‘Sensel’ means “sensor element”, just like “pixel” means “picture element”. A sensel is a fundamental building block used to construct a full touch sensor (just one of our sensors contains tens of thousands of sensels). ‘Morph’ was chosen because the user can transform the application of the product into virtually anything they can think of - via overlays, which are thin, flexible and responsive silicone layers that turn the product from something as simple as a QWERTY keyboard to a MPC controller of video game controller.
Working with the Morph is generally pretty easy. But the Morph can do a lot with a lot of different devices, so here’s a quick start guide to get you up and running quickly.
Below are links to downloads for software and drivers.
The driver for macOS enables more drawing-tablet controls for experimenting with drawing and painting programs.
Windows 7 & 8
Windows 7 & 8 require a simple driver to enable communication with the Morph. View the Quick Start guide for installation instructions.
Everything you need to know about using the Morph is in our online guide.
Get involved in growing the Morph community.
The difference between Pressure Grid Technology and Force Touch Technology is that Force Touch can only detect fingers or objects like a stylus, but can not detect other objects, like paintbrushes or a regular pen. Furthermore, it only senses the overall force (i.e. the total pressure being applied by finger(s) to the touchpad) rather than each individual force. By detecting a full pressure “image”, we can support rich multi-touch interactions and create entirely new ways to interact with the digital world.The strength of Pressure Grid Technology is that it’s the most natural and seamless interaction between human and computer/device. It’s much more sensitive, multi-touch and can detect any object, with the ability to have applications in an array of areas (e.g. music, art, gaming).
Devices that can only detect styli are conductive, whereas the Morph works due to the pressure sensors. Since it detects pressure, it’s able to detect any object. This means you can control it with your bare fingers or even place paper over it and simultaneously draw and digitize art made with pen and pencil.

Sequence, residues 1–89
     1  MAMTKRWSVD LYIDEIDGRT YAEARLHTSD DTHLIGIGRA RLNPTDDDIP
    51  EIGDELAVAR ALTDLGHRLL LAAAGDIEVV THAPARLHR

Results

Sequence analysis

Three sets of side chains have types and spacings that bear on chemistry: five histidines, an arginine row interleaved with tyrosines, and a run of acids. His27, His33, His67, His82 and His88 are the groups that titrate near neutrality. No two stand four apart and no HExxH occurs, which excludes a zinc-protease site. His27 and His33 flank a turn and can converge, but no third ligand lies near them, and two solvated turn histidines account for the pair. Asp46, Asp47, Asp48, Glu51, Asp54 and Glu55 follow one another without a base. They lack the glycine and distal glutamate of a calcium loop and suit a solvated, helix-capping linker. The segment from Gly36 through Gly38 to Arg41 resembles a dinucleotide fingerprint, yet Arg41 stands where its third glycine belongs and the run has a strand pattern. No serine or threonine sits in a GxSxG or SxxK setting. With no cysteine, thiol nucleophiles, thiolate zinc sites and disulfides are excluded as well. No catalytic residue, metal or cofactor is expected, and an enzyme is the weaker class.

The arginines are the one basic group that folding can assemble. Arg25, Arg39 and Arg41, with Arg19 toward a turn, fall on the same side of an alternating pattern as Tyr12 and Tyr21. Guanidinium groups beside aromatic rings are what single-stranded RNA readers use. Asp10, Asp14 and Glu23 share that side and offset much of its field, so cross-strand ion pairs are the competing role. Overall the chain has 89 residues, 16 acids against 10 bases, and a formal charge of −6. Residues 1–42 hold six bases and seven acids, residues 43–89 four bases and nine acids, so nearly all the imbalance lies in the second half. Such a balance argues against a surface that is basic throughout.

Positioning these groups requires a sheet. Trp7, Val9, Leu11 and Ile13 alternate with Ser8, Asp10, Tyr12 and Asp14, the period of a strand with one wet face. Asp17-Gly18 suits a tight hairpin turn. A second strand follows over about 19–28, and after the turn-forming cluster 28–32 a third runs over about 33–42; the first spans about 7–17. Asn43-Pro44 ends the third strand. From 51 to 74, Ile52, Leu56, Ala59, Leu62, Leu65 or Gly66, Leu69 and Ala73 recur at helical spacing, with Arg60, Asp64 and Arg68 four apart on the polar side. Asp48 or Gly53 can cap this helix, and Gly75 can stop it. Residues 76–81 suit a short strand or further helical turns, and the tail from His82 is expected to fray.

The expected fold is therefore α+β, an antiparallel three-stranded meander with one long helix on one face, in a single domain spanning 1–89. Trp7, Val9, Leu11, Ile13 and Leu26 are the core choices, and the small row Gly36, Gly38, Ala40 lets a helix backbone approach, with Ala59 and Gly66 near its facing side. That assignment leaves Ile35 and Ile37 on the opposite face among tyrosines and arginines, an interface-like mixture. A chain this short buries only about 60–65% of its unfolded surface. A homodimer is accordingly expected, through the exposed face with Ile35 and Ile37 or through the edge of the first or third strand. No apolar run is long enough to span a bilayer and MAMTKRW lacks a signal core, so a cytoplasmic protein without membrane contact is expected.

The Sensel Morph uses a built in lithium polymer battery, with one day of normal use and one week in standby. The battery is charged via USB.
Frame Rate means how fast the array of sensel is scanned. In default, Full Resolution Mode, it detects at 125 Hz (8 ms latency) and in High Speed Mode it detects at 500 Hs (2ms latency).
The morph can be connected to a computer or tablet through either a micro USB cable (included) or via bluetooth (which is especially useful when connecting with a tablet such as an iPad). It will talk to the computer / tablet using standard cross platform protocols appropriate to the use case (so for instance, for music we talk over MIDI, for touch stylus and keyboard input we talk over HID and for lower-level access, we can talk over serial). There is also a developer cable that will allow developers to hook their Morph to an Arduino or Raspberry Pi.
At the moment, the Sensel Morph can be used with the following operating systems and languages: OSX, iOS, Windows, Linux, Serial/Arduino (with developer’s cable) and Android.
The Morph has a 1.25mm sensor pitch with ~0.1mm tracking accuracy (6502 dpi) and ~20,000 sensors.
The Morph can detect over 16,000 levels of pressure with anything weighing from 5g - 5kg.
The Morph weighs 0.4kg and has dimensions of 240 mm width x 169.5mm height x 6.75mm thick.
You can connect multiple devices over USB or Bluetooth, which allows you to use multiple devices at the same time. For instance, you could use several Morphs side-by-side to create an extended piano, or you could have a setup where you’re using one morph as a drawing tablet and another as a QWERTY keyboard. The combinations are endless.
The Morph does not have speakers for music playback. For music applications, the Morph outputs MIDI. This allows you to connect the Morph to popular music software suites and play music through your computer or tablet. It does have a tiny transducer to produce click sounds for some overlays.
Additional overlays will be released periodically by Sensel. API users can 2D or 3D print the overlay (either on paper using the Innovator’s Kit or using a 3D printer) to test out the new interface. In the future, you will also be able to create and program their own overlays through the Overlay Creator.
The Sensel App, which you can download at sensel.com/start, allows you to run the vizualizer and vizualize The Morph’s data, test overlays, update firmware, and customize Overlay button functionality.
You can use flexible materials that are no more than 4 mm depending on stiffness of the material. We recommend Ninjaflex* if you are 3d printing, as we use it internally to prototype overlays. You can also test out on paper or the Innovator's Kit to prototype before 3d printing. *We are not affiliated with Ninjaflex.
Each overlay has magnets embedded in it. These magnets have unique coding for each overlay, and are thus automatically detected by the device.
If you’re a developer, we have an open-source API that allows you to use data from the Morph in various applications. You can choose to get either the raw force image or the touch contact data. We already have support for C/C++, Python, C#, and Arduino. You can see our API on Github. Visit the forum for more information.
Post it on the forum, maybe we can strike a deal!